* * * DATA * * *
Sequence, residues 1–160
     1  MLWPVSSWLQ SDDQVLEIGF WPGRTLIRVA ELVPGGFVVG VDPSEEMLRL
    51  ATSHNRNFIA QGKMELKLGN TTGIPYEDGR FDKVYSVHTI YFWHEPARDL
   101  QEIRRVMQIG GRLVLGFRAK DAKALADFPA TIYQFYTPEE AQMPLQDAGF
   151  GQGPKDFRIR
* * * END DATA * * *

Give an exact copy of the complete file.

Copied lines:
Sequence, residues 1–160
     1  MLWPVSSWLQ SDDQVLEIGF WPGRTLIRVA ELVPGGFVVG VDPSEEMLRL
    51  ATSHNRNFIA QGKMELKLGN TTGIPYEDGR FDKVYSVHTI YFWHEPARDL
   101  QEIRRVMQIG GRLVLGFRAK DAKALADFPA TIYQFYTPEE AQMPLQDAGF
   151  GQGPKDFRIR